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Efficacy of Topical Coal Tar in Children With Atopic Dermatitis

The safety and scientific validity of this study is the responsibility of the study sponsor and investigators. Listing a study does not mean it has been evaluated by the U.S. Federal Government. Read our disclaimer for details. Identifier: NCT03461302
Recruitment Status : Unknown
Verified February 2018 by Radboud University.
Recruitment status was:  Recruiting
First Posted : March 12, 2018
Last Update Posted : March 12, 2018
Information provided by (Responsible Party):
Radboud University

Brief Summary:

Rationale/hypothesis: Atopic dermatitis (AD) is an inflammatory skin disease, occurring most frequently in children. Currently, topically applied corticosteroids are used as a standard anti-inflammatory treatment. When a corticosteroid with a high potency is used for a long period of time, adverse effects like skin atrophy and systemic effects may occur, especially in children. In addition, corticophobia among patients is an issue that warrants alternatives for the treatment of AD in children. An alternative treatment is the topical application of coal tar, which is known to be an effective and safe treatment for AD for ages, and is used in our department for decennia. Although there is convincing evidence in the literature on the safety of coal tar, evidence in the literature on the efficacy of coal tar in the treatment of AD is lacking, especially in children.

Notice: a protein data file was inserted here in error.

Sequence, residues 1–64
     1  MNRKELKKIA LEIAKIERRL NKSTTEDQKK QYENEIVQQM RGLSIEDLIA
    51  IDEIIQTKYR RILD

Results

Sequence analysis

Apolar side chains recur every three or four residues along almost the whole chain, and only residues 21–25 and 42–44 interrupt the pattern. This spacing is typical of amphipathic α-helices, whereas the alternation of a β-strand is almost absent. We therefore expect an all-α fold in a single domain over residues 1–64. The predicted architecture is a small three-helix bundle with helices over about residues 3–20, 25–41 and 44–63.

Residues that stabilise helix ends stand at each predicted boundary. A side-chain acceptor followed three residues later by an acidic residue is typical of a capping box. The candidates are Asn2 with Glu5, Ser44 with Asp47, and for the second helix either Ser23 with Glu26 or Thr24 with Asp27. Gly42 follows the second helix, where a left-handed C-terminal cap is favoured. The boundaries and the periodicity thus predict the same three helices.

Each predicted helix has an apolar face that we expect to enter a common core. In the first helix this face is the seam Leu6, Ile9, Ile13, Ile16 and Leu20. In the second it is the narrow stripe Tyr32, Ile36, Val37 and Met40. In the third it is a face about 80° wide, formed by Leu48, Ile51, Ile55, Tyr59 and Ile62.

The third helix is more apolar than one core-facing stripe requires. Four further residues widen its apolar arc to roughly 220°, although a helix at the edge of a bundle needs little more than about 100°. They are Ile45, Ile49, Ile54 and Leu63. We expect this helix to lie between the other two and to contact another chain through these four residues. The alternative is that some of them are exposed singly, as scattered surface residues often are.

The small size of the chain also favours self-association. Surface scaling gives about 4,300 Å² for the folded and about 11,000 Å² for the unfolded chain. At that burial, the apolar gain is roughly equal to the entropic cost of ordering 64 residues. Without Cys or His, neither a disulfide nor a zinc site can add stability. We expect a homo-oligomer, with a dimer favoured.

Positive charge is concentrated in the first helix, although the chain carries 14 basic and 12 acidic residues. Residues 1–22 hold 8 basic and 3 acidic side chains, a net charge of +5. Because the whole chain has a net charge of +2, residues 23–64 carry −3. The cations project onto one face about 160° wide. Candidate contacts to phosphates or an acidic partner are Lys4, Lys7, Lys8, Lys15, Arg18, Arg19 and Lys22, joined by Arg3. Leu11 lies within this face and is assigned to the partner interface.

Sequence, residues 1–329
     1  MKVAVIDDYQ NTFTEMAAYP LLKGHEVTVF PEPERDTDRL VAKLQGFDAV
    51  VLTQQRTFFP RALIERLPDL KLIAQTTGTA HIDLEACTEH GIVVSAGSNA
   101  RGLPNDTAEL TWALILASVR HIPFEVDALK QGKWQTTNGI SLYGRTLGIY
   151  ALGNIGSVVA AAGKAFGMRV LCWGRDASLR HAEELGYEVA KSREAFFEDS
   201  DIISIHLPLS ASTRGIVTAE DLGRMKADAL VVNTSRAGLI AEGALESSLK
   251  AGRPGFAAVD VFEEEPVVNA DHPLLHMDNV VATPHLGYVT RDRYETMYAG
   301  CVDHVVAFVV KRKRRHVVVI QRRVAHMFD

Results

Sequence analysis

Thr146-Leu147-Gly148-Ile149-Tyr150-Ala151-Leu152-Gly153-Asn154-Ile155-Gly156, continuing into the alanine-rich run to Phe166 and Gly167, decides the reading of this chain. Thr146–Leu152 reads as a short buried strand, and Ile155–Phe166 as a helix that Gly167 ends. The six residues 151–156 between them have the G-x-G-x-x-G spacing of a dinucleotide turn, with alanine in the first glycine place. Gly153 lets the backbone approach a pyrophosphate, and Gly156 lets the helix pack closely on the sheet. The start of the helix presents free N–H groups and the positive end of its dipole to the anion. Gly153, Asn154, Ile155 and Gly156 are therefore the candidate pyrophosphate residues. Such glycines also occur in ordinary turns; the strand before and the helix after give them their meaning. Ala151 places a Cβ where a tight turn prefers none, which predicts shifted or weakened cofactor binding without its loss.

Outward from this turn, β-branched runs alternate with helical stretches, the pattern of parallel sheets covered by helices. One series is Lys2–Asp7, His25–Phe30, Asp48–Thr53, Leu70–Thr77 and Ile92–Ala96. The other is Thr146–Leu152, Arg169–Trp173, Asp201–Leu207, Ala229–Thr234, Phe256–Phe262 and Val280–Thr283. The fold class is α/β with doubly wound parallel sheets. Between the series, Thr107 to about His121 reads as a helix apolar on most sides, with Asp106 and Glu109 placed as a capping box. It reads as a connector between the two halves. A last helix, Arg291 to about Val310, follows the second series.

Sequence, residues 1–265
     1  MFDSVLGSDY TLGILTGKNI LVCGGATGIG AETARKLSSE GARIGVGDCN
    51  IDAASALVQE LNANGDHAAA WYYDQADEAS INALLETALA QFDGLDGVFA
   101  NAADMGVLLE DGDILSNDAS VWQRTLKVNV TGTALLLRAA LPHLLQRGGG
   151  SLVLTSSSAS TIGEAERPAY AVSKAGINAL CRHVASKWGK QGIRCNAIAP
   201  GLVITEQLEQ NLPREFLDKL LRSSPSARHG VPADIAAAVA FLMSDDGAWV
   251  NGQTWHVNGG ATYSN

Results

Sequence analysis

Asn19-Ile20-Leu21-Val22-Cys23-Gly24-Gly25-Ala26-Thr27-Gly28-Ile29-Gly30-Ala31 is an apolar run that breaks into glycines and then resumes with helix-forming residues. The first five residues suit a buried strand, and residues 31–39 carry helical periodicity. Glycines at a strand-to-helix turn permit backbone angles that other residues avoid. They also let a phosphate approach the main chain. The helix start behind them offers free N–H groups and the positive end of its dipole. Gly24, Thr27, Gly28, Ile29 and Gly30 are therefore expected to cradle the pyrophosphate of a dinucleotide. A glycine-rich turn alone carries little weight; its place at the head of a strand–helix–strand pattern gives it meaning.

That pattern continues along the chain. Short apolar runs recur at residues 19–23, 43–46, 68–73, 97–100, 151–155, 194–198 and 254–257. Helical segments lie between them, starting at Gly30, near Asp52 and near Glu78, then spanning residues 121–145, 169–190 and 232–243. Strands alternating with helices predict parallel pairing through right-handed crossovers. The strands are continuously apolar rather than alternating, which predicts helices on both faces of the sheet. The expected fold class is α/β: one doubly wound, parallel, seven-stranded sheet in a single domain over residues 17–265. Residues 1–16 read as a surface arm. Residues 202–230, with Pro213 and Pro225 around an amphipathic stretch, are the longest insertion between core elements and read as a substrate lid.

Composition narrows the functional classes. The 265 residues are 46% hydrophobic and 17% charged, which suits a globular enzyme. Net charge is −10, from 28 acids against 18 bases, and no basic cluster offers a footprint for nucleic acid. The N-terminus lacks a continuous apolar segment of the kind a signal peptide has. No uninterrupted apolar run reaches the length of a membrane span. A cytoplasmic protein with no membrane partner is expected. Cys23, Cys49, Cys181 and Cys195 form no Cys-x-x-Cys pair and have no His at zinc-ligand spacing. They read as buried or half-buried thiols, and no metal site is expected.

Objective: To evaluate efficacy of topical treatment with coal tar compared to topical treatment with corticosteroids in children aged 1 to <16 years with moderate to severe AD

Study design: investigator-initiated, parallel-group randomized controlled pilot study

Study population: Children aged 1 to <16 years with moderate-severe AD

Intervention: Patients will be randomized in two groups: (1) topical treatment with coal tar or (2) topical treatment with moderate potency corticosteroids for a treatment duration of 4 weeks.

Main study parameters/endpoints: The primary outcome is the percentage change in EASI score at week 2.

Condition or disease Intervention/treatment Phase
Atopic Dermatitis Drug: Topical coal tar Drug: Topical corticosteroids Phase 4

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Study Type : Interventional  (Clinical Trial)
Estimated Enrollment : 80 participants
Allocation: Randomized
Intervention Model: Parallel Assignment
Masking: None (Open Label)
Primary Purpose: Treatment
Official Title: A Randomized Controlled Pilot Study Comparing the Efficacy of Topical Coal Tar to Topical Corticosteroids in Children Aged 1 to < 16 Years With Moderate-severe Atopic Dermatitis
Actual Study Start Date : February 1, 2018
Estimated Primary Completion Date : August 1, 2019
Estimated Study Completion Date : September 1, 2019

Resource links provided by the National Library of Medicine

MedlinePlus related topics: Eczema Steroids
Drug Information available for: Coal Tar

Arm Intervention/treatment
Experimental: Topical Coal Tar treatment Drug: Topical coal tar
Solution carbonis detergens 10% in cremor vaselini lanette FNA and pix lihantracis 3% in zinc oxide paste

Active Comparator: Topical Corticosteroids treatment Drug: Topical corticosteroids
Clobetasone butyrate 0.05% ointment

Primary Outcome Measures :
  1. Disease activity [ Time Frame: 4 weeks ]
    Disease-activity measured by Eczema Area and Severity Index (EASI)

Secondary Outcome Measures :
  1. Pruritus [ Time Frame: 4 weeks ]
    VAS pruritus

  2. Health-related quality of life [ Time Frame: 4 weeks ]

Information from the National Library of Medicine

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Ages Eligible for Study:   1 Year to 16 Years   (Child)
Sexes Eligible for Study:   All
Accepts Healthy Volunteers:   No

Inclusion Criteria: